The Dangers of Abusive Head Trauma

Babies cry. A lot. Sometimes, it can be frustrating when you are caring for a baby who won’t settle down. But there’s danger in taking that frustration out on the baby. Abusive Head Trauma (AHT), or Shaken Baby Syndrome (SBS), can be caused by dropping, throwing, or shaking a child, or hitting his head directly. The thing about abusive head trauma is that it’s 100% preventable. Babies don’t receive brain trauma from normal play, such as bouncing on your knee, rough play, or even minor falls.

Shaking a baby damages his brain

Because an infant’s neck muscles are not very strong yet, children under 12 months comprise the largest percentage of victims of abusive head trauma, but toddlers up to age 5 can be harmed by forceful shaking. When this happens, the brain violently hits the inside of the skull, causing broken blood vessels, nerve damage, bleeding, bruising, and swelling. Permanent brain damage can occur from shaking a baby, even if the child seems fine directly after. 25% of babies who are violently shaken die, and those who survive may experience blindness, hearing loss, seizures, developmental delays, mental retardation, cerebral palsy, and other intellectual disabilities that are perpetual.

Signs of Abusive Head Trauma

Simply put, AHT is child abuse. Some home and family situations put baby at higher risk for receiving AHT. New parents may have unrealistic expectations about what it’s like having a new baby around. Others may struggle with substance abuse, depression, or have a history of domestic violence. While not always obvious directly after the trauma, children may have symptoms such as:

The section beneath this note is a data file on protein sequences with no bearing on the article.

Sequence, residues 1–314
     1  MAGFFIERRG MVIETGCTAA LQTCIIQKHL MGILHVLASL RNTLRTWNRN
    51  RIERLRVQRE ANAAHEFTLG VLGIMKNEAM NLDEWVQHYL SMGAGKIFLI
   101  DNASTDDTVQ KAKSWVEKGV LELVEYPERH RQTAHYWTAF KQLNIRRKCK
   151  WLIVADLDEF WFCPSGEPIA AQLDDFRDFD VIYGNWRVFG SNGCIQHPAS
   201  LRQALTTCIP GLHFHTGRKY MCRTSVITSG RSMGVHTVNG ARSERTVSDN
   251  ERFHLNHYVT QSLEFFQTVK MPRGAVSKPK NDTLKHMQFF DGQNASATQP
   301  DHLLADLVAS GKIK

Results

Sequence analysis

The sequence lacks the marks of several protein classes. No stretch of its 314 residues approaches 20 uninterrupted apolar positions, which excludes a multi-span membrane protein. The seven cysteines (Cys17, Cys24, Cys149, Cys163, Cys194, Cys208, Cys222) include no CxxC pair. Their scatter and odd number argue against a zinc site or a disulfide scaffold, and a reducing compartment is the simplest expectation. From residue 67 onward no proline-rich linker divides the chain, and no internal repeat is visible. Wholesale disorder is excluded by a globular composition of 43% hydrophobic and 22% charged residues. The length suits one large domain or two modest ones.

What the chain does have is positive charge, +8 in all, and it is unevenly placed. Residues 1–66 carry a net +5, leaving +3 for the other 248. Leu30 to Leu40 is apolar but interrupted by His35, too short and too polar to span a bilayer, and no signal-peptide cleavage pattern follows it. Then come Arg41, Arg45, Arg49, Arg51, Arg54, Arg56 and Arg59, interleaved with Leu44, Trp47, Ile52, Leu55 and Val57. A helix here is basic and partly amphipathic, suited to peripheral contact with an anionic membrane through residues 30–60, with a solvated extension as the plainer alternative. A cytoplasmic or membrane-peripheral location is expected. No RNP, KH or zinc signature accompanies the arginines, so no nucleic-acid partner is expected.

• Irritability
  • Struggles breathing
  • Vomiting
  • Lethargy
  • Coma
  • Poor eating
  • Pale or blue skin
  • Seizures

What are some strategies for preventing Shaken Baby Syndrome?

Since parents and other caregivers are the cause of SBS, it’s important to learn how to cope with the stress of caring for a child in a way that is not harmful to the baby. It’s never all right to shake a baby. If you need to lay a crying baby in his crib (always on his back) for a few minutes and take a short break, do it. To soothe a crying baby, you can try to:

  1. Make sure all his needs are met – he’s fed, changed, and has a normal temperature.
  2. Sing or talk to the baby.
  3. Offer a toy that makes sounds or a pacifier.
  4. Change the scenery. Take baby for a ride in the car or a walk in the stroller.
  5. Give baby a warm, soothing bath.
  6. Rub or pat his back.
  7. Swing baby gently in an infant swing or rock in a comfortable chair.
  8. Call a family member or friend to care for the baby to give you a break, even if it’s just 30 minutes.

Babies are individuals and respond differently to calming methods. If nothing seems to be working, you can call your baby’s doctor; perhaps he or she can help you check for signs of illness. Sometimes babies can have something physically wrong, such as GERD or colic, that causes fussiness.

Make sure all caregivers – a child care facility, family member, older sibling, or friend – know about AHT and that a baby should never be shaken before leaving your baby in their care. It’s hard to listen to a baby cry, especially for long periods of time. But you must stay in control of your anger and frustration and keep your baby safe.

What are some ways you have learned to cope with the stress of caring for a child? Tell us in the comments below!

 

Sources:

http://www.mayoclinic.org/diseases-conditions/shaken-baby-syndrome/basics/definition/con-20034461

http://kidshealth.org/en/parents/shaken.html

https://www.healthychildren.org/English/safety-prevention/at-home/Pages/Abusive-Head-Trauma-Shaken-Baby-Syndrome.aspx

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